No CrossRef data available.
Published online by Cambridge University Press: 23 June 2015
Philosophers may disagree with unmatched zeal, but no philosophical controversy can free them from their common dependence upon the concept as a privileged vehicle of truth. Even when embracing the most radical empiricism or the most unyielding scepticism, philosophers cannot help but make conceptual arguments. All their efforts may aim at curing themselves of addiction to the concept, but so long as they reason on behalf of experience or the suspension of judgment, thinking remains the element in which their claims live and die.
Philosophers' perennial use of conceptual argument might seem a double curse, subverting all of philosophy's equally perennial aspirations to seize the truth. To begin with, if philosophical investigation constitutively employs concepts, how can it possibly establish the validity of conceptual determination? If philosophy cannot fail to use concepts to legitimate reason as a midwife of truth, will philosophical investigation not fall into the vicious circularity of relying upon an instrument that can never be certified without taking its reliability for granted? Secondly, if philosophy must always utilize concepts to arrive at truth, must philosophers not presuppose that the object of true knowledge is what is conceptually determinate? Besides being beyond philosophical justification, will this assumption not limit objectivity to a mortuary of changeless universals from which all becoming, all particulars, and indeed, all actual existence are excluded as some inconceivable illusions? Will the only objectivity that philosophy can conceive be a phantom realm of ideas that can never correspond to genuine reality?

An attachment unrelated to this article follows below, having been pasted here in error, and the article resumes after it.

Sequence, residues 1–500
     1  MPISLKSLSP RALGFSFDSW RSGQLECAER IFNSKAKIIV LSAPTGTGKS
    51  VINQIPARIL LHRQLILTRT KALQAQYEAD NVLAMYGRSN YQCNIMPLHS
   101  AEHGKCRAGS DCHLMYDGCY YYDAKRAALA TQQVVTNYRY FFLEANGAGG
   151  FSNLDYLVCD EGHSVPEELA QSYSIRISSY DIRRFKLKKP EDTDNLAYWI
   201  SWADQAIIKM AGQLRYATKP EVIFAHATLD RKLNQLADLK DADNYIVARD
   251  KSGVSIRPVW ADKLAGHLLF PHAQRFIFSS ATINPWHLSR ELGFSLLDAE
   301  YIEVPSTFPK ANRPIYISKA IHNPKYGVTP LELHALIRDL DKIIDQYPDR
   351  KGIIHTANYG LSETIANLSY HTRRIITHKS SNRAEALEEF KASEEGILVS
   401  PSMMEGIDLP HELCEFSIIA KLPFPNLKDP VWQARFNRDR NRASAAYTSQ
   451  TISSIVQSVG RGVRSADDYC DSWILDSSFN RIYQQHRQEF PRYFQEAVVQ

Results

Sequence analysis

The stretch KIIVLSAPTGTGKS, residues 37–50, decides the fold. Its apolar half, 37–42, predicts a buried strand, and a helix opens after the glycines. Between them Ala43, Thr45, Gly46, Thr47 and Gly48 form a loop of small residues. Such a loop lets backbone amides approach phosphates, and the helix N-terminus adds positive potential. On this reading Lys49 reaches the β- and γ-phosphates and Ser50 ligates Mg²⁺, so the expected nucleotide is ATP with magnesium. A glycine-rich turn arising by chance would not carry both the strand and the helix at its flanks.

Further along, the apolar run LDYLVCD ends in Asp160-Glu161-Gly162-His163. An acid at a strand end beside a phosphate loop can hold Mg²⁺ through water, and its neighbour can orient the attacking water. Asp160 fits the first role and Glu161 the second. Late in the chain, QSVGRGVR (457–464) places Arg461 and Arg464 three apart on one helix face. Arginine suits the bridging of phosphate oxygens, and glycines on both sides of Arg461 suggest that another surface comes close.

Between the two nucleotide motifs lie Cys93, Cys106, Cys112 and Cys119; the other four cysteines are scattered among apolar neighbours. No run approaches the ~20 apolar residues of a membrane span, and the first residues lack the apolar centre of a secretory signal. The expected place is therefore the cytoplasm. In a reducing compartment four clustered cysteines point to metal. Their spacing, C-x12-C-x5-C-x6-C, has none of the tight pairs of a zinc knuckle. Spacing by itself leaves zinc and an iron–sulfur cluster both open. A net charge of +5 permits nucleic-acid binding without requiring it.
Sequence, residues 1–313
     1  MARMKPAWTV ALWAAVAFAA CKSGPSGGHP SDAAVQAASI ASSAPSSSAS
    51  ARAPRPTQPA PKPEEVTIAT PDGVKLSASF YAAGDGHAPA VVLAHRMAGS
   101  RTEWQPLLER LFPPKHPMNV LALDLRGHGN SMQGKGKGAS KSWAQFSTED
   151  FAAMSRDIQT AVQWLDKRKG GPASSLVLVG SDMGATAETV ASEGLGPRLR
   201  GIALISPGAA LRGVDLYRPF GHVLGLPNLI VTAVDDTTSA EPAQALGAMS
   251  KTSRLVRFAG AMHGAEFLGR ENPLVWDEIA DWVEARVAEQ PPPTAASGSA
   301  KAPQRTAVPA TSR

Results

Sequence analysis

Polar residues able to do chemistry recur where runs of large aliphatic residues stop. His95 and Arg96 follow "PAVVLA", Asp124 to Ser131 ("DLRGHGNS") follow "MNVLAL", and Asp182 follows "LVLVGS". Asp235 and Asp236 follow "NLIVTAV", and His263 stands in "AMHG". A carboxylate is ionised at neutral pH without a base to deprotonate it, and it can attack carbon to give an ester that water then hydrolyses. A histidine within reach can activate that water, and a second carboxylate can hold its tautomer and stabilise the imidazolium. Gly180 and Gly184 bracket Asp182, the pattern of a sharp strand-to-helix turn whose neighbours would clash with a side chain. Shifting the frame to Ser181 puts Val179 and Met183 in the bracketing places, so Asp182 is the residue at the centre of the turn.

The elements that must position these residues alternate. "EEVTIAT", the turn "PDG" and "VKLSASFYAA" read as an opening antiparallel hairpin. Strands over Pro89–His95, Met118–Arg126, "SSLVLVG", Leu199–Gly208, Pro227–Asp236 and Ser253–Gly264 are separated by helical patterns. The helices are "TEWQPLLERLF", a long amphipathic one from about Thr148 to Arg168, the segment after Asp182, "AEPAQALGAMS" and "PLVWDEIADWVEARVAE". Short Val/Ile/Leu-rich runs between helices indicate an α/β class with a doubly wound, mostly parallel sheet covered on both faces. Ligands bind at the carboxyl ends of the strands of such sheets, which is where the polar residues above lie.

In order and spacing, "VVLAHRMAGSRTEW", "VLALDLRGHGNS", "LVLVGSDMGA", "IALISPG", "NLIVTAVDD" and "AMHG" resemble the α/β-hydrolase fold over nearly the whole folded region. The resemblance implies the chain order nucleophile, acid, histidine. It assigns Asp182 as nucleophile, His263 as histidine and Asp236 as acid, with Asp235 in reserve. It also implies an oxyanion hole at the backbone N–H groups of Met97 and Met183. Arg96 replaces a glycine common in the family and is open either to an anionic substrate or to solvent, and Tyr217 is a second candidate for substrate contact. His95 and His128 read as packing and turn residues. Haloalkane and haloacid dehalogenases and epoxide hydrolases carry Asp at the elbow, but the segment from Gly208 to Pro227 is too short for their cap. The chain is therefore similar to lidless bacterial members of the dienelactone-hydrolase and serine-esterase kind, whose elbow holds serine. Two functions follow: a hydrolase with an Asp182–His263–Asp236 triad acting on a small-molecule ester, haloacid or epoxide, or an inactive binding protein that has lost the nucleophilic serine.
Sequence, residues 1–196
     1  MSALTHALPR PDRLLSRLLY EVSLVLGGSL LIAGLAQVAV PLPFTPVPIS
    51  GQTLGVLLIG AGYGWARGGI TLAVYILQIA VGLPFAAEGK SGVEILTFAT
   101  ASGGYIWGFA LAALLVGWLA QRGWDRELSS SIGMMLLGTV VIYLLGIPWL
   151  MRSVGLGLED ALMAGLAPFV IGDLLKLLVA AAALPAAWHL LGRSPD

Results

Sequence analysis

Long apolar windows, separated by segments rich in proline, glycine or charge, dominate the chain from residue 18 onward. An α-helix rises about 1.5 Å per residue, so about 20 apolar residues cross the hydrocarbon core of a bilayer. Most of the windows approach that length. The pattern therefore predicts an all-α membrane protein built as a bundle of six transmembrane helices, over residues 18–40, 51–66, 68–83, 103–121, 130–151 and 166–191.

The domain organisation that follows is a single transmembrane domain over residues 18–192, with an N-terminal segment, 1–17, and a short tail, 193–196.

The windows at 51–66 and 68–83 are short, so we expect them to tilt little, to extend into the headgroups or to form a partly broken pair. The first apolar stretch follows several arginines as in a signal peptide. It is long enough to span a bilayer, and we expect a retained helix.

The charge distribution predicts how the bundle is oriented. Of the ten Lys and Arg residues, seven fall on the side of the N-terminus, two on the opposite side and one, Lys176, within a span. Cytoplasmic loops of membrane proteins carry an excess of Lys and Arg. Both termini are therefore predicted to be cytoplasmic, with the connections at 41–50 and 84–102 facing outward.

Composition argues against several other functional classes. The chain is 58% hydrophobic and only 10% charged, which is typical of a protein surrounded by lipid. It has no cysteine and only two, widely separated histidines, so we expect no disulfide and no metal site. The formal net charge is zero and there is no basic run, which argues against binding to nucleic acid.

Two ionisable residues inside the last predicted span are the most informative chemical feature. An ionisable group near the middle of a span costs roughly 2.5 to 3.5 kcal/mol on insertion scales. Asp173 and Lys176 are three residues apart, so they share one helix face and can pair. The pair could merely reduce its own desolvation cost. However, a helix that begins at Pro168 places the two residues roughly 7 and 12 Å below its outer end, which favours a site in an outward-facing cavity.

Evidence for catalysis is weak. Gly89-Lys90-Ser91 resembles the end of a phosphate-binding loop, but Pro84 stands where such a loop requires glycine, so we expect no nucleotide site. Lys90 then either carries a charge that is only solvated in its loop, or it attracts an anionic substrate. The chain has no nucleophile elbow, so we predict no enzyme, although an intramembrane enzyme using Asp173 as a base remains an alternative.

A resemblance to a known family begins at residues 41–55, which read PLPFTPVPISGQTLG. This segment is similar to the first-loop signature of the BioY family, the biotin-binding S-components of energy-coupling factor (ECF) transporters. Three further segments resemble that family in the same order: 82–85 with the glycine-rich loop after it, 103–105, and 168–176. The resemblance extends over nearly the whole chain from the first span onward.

1 Nietzsche raises both of these objections to philosophy in his Twilight of The Idols.
2 As Robert Berman has pointed out in conversation, this formality does not require the universal to be given independently of the particulars to which it applies. As an abstraction, the formal universal depends upon the particulars from which it is extracted even if it leaves them otherwise undetermined
3 Plato sketches dialectic in his famous account of the Divided Line in the Republic, Book VI, 511c.
4 In particular, Plato roots all ideas in the Good, whose given content is immediately intuited, but never shows how specific ideas arise from this foundation, whose own determinacy remains problematic.
5 Hegel makes this point in the Science of Logic. See Hegel, G.W.F., Gesammelte Werke: Band 12, Wissenschaft der Logik - Zweiter Band: Die Subjektive Logik (1816), ed. Hogemann, Friedrich & Jaeschke, Walter (Hamburg: Felix Meiner Verlag, 1981), 22 Google Scholar.
6 Ibid., 19.
7 See Hegel, G. W. F., Werke in zwanzig Bänden, ed. Moldenhauer, E. and Michel, K.M. (Frankfurt am Main: Suhrkamp Verlag, 1970), Vol. 8 Google Scholar: Enzyklopädie der philosophischen Wissenschaften im Grundrisse (1830) - Erster Teil: Die Wissenschaft der Logik, Zusatz to §160.
9 Ibid., 132.
10 Ibid., 173-4, 176.
11 Ibid., 31.
12 Ibid., 132.
13 Ibid., 237 ff.
14 Ibid., 239 ff.
No CrossRef data available.